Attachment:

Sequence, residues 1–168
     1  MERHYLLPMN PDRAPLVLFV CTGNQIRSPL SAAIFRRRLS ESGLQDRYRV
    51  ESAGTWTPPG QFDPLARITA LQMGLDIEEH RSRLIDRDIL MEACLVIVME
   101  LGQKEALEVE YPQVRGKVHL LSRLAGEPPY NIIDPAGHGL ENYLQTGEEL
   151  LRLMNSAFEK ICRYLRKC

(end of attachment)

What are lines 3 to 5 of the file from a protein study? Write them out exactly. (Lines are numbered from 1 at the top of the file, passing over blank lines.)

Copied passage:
    51  ESAGTWTPPG QFDPLARITA LQMGLDIEEH RSRLIDRDIL MEACLVIVME
   101  LGQKEALEVE YPQVRGKVHL LSRLAGEPPY NIIDPAGHGL ENYLQTGEEL
   151  LRLMNSAFEK ICRYLRKC